• Steph (@ 20 Years Hence)
    Posted at 03:10h, 28 March Reply

    You know that Tony & I back you on this 100%! I always argue that when people say they LOVED Vietnam and their favorite city was Hoi An, then this means they did not actually love Vietnam at all. Because Hoi An is really nothing like the rest of the country but feels like a theme park. Yes it’s pretty from afar (provided you can see it for all the tourists), but given that nearly all those “picture-perfect” shops now house tailors and other souvenir stores, that detracted a bit from the ambiance for us since it really did feel like everyone was trying to sell you something. We actually decided to skip the historical attraction pass, which might have let us see a slightly different side of the town, but I can’t say we really regret it. I didn’t hate Hoi An and we did wind up spending 5 days there (our hotel had a pool!), but it was one of the places I was most excited to visit in Vietnam and was certainly one of the biggest letdowns. Definitely not my scene.

    • Amy
      Posted at 04:35h, 28 March Reply

      I know what you mean Steph, Hoi An feels nothing like the rest of Vietnam. I bet years ago it was a pretty nice place but now it’s just too touristy – or it was for us anyway. I don’t think you really missed out either on the historical pass, we got about a morning’s use out of it and just as much value as we did from merely walking around. We were also expecting to love Hoi An too based on how we felt about Luang Prabang so it was a bit of a disappointment for us.

  • Carmel
    Posted at 07:28h, 28 March Reply

    I feel pretty lucky that we were in Hoi An during Tet. At first, it felt like a pain, but it ended up being really nice. We spent something like 6 days there, but most of the city was shuttered for the holiday and there were WAY fewer vendors touting their wares. It was fairly quiet on the tourist front and locals were mostly out getting drunk, sitting in their living rooms singing karaoke with the family, and just hanging out. There was also a festival during the end of our stay, which was pretty nice. It was inconvenient to have so many places closed, limited our options for eating and drinking, but overall, it seems we had a better time because of it. We also looooved our homestay, which treated us to a couple of traditional meals with the other guests. The beaches near Hoi An were also really nice and surprisingly cheap. But I can definitely see how you wouldn’t have fallen for it.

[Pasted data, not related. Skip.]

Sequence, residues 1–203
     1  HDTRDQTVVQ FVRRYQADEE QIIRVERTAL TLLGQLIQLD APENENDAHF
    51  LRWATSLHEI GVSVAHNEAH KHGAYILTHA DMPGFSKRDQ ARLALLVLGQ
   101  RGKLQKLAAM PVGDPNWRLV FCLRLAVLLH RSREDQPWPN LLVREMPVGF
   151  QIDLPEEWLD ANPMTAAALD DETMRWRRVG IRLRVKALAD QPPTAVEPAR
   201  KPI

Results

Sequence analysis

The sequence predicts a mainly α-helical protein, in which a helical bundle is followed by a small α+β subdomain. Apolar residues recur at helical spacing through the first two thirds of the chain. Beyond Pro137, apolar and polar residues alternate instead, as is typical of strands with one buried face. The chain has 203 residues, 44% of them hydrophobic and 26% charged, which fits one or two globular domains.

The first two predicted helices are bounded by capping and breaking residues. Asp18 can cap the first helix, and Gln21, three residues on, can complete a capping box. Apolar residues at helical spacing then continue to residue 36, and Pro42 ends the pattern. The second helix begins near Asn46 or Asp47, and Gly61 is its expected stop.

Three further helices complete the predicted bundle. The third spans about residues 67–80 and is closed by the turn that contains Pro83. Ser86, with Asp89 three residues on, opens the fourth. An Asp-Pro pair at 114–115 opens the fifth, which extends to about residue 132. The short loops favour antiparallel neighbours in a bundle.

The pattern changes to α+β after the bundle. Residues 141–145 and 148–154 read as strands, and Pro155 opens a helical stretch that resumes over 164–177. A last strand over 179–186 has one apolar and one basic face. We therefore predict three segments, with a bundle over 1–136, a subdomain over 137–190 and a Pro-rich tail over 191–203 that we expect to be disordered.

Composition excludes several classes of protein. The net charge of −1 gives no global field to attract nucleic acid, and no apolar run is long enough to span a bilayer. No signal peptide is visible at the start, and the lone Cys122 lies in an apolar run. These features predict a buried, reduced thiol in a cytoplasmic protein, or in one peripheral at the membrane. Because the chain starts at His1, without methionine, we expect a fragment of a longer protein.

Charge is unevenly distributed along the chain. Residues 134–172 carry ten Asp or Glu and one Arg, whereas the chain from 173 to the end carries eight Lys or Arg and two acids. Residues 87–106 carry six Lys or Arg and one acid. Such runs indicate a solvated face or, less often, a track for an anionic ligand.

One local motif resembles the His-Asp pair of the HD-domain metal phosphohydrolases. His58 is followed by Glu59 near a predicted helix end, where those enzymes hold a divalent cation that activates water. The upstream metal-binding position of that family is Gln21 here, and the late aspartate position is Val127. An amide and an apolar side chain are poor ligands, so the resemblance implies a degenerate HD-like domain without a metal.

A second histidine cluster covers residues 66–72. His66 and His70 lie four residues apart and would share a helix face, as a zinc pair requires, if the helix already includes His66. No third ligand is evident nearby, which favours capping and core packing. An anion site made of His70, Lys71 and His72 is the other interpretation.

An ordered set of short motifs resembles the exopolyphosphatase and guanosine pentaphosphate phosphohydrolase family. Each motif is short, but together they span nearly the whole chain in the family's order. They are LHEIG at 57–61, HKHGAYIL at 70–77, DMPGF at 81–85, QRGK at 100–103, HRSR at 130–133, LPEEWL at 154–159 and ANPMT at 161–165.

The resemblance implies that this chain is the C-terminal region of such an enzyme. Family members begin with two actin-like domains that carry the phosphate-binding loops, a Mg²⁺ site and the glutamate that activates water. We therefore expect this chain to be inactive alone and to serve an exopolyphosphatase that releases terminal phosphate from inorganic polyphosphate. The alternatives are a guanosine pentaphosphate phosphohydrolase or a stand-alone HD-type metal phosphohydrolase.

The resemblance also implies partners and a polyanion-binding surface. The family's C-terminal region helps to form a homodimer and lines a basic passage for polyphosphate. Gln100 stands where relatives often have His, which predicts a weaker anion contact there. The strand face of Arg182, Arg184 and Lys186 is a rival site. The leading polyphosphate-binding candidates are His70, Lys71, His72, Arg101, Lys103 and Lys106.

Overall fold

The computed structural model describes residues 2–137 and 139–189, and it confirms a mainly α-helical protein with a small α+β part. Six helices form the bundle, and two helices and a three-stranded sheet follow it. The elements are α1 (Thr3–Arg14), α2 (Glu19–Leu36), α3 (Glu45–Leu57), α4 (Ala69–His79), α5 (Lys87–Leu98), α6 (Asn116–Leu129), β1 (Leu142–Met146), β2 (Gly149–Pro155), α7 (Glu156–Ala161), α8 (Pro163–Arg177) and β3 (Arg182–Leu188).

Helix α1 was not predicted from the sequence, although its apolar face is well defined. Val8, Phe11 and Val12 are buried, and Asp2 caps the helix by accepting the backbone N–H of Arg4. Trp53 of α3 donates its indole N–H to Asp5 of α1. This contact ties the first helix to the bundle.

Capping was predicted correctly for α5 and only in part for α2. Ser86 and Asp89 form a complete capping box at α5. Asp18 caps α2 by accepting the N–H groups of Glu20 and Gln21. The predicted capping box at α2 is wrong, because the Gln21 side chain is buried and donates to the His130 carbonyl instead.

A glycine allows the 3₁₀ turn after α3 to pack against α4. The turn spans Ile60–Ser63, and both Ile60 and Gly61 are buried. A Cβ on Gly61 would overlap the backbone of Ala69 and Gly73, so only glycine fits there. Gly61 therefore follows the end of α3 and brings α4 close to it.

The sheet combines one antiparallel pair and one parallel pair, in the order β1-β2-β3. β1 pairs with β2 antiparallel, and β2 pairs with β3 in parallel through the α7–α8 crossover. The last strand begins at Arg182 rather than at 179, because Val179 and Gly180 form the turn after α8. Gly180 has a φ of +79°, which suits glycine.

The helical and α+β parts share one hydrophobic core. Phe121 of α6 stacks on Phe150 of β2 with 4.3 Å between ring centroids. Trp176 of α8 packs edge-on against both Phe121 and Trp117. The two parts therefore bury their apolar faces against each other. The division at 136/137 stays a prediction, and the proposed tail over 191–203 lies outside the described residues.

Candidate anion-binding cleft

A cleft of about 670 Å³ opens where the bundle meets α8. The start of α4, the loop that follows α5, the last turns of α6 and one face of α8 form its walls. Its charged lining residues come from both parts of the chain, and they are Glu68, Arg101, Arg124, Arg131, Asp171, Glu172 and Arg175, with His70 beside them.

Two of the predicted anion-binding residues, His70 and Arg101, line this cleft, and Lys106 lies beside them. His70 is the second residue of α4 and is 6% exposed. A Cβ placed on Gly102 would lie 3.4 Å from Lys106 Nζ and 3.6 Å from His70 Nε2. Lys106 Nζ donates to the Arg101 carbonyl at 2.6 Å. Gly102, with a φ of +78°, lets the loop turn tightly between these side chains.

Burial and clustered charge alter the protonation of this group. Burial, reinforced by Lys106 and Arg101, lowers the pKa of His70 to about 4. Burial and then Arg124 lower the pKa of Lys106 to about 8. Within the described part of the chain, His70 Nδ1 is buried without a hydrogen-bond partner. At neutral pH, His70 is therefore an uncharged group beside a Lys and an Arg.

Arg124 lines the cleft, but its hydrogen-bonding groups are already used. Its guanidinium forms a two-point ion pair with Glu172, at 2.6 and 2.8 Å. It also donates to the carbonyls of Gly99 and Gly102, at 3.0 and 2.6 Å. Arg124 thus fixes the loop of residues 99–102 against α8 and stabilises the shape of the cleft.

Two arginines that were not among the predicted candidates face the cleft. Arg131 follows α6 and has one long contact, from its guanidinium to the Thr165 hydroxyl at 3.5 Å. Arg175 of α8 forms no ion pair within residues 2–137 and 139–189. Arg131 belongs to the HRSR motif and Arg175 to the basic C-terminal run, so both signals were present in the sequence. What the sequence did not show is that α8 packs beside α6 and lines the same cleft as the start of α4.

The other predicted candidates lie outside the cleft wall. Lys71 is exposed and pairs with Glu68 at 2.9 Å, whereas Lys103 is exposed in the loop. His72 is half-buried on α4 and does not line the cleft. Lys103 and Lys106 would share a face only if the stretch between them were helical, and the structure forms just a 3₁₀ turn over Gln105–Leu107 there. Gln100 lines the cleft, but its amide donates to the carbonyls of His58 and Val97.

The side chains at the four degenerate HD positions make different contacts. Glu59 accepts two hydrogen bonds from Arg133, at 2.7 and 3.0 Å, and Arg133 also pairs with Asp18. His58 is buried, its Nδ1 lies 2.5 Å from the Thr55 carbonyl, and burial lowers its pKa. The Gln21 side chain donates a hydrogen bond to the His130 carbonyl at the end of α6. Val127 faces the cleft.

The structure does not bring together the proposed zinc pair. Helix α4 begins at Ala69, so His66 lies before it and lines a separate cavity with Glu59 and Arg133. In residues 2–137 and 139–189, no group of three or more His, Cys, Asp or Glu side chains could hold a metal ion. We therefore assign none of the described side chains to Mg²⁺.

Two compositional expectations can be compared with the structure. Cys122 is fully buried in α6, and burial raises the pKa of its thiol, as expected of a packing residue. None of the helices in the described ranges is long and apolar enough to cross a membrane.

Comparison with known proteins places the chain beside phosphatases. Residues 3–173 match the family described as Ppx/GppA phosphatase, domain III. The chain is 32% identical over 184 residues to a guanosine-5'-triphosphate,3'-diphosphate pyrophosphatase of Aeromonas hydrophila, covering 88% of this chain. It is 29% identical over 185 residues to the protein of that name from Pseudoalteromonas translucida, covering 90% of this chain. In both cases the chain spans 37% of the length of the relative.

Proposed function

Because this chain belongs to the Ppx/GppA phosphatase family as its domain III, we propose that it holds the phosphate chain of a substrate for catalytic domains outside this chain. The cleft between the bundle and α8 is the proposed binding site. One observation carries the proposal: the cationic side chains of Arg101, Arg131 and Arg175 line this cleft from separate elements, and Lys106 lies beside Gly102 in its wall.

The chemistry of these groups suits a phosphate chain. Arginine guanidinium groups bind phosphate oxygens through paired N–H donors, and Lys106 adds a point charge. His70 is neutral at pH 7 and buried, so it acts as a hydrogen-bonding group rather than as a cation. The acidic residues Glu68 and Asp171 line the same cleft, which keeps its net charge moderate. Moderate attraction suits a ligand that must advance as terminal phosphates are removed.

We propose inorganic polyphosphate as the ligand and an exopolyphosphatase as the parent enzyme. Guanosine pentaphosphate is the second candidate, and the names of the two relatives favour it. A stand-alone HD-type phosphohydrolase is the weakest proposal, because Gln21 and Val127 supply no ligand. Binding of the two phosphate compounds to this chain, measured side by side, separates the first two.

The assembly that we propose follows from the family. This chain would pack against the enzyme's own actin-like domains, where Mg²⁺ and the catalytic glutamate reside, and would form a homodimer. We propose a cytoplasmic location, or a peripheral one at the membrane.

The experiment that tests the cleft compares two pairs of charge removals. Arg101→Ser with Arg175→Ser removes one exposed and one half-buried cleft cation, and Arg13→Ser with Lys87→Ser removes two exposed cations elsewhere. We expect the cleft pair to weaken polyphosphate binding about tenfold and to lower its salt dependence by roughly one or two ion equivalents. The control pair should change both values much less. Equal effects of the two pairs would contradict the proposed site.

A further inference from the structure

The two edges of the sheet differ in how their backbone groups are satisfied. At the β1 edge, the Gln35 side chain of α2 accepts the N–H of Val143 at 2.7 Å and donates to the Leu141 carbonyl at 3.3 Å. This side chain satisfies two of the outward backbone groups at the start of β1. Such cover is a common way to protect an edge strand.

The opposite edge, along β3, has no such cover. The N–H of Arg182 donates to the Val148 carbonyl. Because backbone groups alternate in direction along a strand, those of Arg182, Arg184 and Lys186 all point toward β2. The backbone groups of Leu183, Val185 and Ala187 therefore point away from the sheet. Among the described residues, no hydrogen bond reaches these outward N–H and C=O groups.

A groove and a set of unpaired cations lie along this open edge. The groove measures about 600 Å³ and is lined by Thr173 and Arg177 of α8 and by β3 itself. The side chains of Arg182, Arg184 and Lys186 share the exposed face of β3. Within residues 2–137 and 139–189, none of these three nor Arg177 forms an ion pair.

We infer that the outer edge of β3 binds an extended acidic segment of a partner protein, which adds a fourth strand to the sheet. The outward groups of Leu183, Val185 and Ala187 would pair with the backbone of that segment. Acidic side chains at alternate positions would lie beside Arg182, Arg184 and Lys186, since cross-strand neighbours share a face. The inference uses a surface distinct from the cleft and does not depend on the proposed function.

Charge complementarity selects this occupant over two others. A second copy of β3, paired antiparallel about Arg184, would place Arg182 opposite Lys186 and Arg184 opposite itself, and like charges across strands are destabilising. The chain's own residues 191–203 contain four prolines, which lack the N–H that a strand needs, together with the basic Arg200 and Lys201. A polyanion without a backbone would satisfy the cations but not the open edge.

• Amy
      Posted at 13:23h, 28 March Reply

      Hi Carmel, sounds like you visited Hoi An at exactly the right time; you really luck out on festivals don’t you, what with the one you stumbled upon in Kanchanaburi too?! Since we weren’t too keen on Hoi An we didn’t stick around to see the nearby beaches either, although we heard they were nice.

  • Maddie
    Posted at 13:31h, 06 April Reply

    We absolutely loved Hoi An but we went in eyes completely wide open and knowing what to expect, we just took it for what it is and appreciated the beauty. It’s definitely geared up for tourists but as a UNESCO site that is always going to be the case. I think people realise that if you want more gritty and real Vietnam than definitely head to Hanoi but Hoi An has it’s place too.

    • Amy
      Posted at 15:29h, 06 April Reply

      Hi Maddie, I think one of the problems was that we went into Hoi An expecting to love it and planning to stay for five days so it was a real disappointment to find that we didn’t like it there. You’re right though, Hoi An does have its place and I know plenty of people love it there.